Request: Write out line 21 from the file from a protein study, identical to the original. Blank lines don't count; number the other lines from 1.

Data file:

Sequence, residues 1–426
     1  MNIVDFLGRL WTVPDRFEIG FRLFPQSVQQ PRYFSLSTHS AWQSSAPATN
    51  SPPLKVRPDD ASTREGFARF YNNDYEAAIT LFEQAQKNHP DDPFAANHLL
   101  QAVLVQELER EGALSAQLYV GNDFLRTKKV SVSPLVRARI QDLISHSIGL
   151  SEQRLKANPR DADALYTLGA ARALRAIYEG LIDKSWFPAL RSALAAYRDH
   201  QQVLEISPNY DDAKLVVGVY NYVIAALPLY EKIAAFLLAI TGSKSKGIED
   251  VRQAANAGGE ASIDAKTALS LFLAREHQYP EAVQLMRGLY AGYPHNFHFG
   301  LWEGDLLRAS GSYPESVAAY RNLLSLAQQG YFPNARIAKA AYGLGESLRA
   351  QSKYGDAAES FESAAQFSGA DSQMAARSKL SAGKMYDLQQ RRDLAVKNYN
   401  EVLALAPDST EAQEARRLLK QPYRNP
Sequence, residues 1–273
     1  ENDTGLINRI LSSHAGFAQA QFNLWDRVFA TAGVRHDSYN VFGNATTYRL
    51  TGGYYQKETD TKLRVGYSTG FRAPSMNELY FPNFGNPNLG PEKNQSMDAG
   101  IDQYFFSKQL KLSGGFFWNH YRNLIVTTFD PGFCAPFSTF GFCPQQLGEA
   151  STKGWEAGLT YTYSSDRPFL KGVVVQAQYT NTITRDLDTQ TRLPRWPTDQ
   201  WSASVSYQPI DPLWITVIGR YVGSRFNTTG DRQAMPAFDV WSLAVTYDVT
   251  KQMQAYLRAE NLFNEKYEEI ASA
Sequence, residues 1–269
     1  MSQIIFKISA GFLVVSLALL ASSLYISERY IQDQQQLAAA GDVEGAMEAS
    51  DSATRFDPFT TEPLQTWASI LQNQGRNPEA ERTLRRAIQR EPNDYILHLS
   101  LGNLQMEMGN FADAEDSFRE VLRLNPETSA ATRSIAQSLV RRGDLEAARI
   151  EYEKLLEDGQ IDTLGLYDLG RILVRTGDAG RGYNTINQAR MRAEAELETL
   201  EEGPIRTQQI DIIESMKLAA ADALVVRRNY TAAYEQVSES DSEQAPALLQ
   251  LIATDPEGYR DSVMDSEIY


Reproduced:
   101  LGNLQMEMGN FADAEDSFRE VLRLNPETSA ATRSIAQSLV RRGDLEAARI